Hard living ages you, so it's tough to guess if he was 65 or 80, but he was definitely too old to have all those naked ladies tattooed up and down his arms. His bald head was a gleaming, veiny mix of wrinkly old man tan and sweat but luckily we were still able to decipher the blue tattoo on his cranium that said "THAT TURNS ME ON!" in block letters. We listened to his smokey laugh as everyone gazed at the miniature horses dressed like ninjas and tried not to hurl from the manure and body odor swirling around the barn.
The Iowa State Fair is ridiculous, overwhelming and awesome. And I say awesome less like "far out" and more like truly awe-inducing bc this thing is unbelievable.
The 4-H exhibit hall was out of control cool. Breathtaking wooden porch swings and bed frames and gun cases, all handcrafted by 13- and 14-year-olds, ridiculously interesting and funky photographs, complicated quilts, the whole bit. Basically, name something people can make and/or grow, and the blue ribbon winners and runners-up were on display. We also saw posters presenting things like "Iowa's Owls," "Types of Beef Cuts and How to Best Prepare Them," and "Making Your Own 100-calorie Snack Packs Will Save You $137 a Year." To our delight, the incredible mix of stuff was perfectly illustrated by the fact that the picture-enhanced "Deer Hunting with Disabilities" poster was right next to "The Life of J.S. Bach." And on stage, two 9-year-old boys played Chopsticks (though the poster advertised it as "Chop-ticks") on the piano for an appreciative audience of several hundred fair-goers, while moments later, three overweight 20-somethings in sequins took the stage to gyrate/lip-sync to "Hit Me With Your Best Shot!"
That was all just in the first building.
In another huge building, there was a 1,100-pound pumpkin and blue ribbon cucumbers, zucchinis, gourds, corn, and everything else you can think of. We honored the winners of the weed identification contest and drooled over the best strawberries and soy beans in the state before comparing the size and texture of various apples. We later sauntered through an incredible milking station and applauded the enormous and virile "Super Bull." And most of all, we saw droves and droves of people. An estimated 100,000+ people A DAY go to this thing and it is NUTS.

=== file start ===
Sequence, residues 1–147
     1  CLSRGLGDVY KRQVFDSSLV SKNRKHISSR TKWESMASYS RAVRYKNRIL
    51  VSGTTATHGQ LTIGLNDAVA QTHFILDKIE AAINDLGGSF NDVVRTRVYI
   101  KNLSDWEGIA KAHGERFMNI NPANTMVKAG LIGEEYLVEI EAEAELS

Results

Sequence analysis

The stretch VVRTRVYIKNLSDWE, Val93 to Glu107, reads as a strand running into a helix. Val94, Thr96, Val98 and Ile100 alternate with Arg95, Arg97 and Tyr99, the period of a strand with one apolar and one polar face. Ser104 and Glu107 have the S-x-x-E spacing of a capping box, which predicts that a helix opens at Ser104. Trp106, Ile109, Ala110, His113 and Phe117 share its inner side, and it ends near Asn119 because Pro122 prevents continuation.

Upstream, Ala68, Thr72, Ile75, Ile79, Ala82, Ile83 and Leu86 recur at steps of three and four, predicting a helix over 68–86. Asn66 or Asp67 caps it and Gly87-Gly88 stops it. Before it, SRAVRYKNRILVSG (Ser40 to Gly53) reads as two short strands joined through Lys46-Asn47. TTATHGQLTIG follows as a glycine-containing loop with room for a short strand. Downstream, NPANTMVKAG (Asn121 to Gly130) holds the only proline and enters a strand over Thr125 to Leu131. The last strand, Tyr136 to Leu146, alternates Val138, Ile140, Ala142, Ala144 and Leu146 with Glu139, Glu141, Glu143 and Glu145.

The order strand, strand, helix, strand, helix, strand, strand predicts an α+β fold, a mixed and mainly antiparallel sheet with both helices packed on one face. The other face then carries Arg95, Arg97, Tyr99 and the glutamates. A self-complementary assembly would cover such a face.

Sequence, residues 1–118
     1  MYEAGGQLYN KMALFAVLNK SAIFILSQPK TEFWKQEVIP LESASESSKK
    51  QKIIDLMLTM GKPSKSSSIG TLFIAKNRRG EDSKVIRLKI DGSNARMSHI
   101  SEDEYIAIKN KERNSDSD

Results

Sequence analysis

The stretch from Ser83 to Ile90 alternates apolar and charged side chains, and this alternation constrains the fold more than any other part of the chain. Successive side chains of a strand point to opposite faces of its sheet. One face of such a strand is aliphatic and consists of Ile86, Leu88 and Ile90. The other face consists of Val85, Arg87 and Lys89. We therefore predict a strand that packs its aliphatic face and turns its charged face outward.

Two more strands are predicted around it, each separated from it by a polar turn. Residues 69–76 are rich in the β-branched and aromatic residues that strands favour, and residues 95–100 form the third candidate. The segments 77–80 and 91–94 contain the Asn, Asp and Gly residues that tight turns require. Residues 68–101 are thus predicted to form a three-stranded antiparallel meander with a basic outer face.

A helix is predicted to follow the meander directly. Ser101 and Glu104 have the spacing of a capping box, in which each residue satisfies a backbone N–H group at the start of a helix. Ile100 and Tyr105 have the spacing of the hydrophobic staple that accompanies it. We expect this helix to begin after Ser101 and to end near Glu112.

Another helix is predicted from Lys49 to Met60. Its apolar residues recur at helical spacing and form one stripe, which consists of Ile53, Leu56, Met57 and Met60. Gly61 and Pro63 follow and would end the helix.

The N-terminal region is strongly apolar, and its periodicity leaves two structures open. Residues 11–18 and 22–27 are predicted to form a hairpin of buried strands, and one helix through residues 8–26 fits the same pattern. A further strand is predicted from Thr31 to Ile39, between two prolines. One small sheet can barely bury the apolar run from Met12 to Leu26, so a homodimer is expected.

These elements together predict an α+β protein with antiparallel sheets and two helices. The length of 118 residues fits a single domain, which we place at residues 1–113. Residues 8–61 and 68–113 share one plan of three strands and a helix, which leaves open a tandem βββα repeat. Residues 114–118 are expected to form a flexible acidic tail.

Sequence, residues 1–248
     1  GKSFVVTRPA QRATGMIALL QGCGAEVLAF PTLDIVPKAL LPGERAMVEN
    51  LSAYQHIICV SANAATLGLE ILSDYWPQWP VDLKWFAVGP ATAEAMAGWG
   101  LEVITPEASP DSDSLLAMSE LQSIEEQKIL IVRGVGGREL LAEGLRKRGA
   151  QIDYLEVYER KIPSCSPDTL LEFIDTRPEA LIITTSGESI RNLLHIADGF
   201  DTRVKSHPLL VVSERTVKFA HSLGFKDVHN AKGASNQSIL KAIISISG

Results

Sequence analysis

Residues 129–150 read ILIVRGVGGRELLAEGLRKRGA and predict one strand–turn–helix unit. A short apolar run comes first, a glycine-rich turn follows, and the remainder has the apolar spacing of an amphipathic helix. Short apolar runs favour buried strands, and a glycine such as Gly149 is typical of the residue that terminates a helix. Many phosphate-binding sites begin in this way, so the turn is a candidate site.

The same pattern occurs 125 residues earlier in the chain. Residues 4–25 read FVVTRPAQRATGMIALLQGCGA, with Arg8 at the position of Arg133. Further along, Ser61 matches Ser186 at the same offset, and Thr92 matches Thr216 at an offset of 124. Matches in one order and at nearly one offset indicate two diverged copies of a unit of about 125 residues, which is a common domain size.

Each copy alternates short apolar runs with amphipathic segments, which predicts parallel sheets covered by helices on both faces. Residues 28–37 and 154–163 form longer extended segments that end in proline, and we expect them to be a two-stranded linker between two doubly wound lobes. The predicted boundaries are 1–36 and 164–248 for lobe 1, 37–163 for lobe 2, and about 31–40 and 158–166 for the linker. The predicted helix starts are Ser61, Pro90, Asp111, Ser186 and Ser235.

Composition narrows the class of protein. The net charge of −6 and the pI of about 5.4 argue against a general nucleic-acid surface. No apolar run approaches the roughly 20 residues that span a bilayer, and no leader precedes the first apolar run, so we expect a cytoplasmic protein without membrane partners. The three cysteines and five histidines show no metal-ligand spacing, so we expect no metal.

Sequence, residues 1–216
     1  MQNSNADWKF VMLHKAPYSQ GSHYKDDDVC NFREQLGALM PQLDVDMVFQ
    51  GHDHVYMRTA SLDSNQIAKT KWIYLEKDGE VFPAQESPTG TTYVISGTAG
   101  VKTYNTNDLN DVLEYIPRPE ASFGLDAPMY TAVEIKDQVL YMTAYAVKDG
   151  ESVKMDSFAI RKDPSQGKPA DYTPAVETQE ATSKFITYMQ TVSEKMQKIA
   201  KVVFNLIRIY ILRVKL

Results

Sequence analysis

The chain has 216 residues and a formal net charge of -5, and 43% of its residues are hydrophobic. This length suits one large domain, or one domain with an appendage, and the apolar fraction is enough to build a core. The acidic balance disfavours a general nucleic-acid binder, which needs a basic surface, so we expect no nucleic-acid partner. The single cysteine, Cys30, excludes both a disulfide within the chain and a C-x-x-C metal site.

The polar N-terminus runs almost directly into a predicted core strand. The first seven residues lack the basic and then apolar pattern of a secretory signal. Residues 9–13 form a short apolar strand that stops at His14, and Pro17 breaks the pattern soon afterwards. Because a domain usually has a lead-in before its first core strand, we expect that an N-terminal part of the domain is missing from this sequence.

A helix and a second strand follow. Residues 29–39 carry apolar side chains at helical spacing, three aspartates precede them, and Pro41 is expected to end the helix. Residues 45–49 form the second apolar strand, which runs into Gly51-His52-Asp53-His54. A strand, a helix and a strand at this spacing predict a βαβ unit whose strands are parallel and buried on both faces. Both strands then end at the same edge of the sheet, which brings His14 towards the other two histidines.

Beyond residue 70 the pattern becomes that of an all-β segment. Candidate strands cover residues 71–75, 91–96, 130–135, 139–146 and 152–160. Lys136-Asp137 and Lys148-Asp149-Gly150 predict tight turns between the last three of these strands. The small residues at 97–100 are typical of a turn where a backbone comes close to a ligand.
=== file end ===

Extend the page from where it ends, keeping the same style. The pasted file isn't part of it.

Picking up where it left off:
(Turkey legs, which, as you may know, are significantly bigger than they appear so when you eat one you look like a Viking.)
Though we ate only a few regular treats and a turkey leg (and felt delightfully barbaric), we could have easily sampled: BBQ everything, walking tacos, po' boys, fried candy bars on a stick, fried oreos on a stick, fried twinkies on a stick, pork chop on a stick, funnel cakes on a stick, hardboiled egg on a stick, veggie dog on a stick, fried pickle on a stick, cotton candy-flavored fudge, fried mac-and-cheese, and bacon dipped in your choice of cheese or chocolate. We could have also partaken of a fried wonder entitled the Potato Lollipop.
Thanks to a sweet, exhausted kiddo who loved petting the cows and making friends but who did NOT love missing her nap, plus a mid-afternoon rainstorm, we didn't get to see everything this time, but apparently we missed arm wrestling, sheep shearing and even a cow made of butter.
Had we gone in previous years, reliable sources indicate that we could have seen a life-sized butter sculpture of Tiger Woods and Iowa's own olympic gymnast Shawn Johnson.
Can you feel the magic?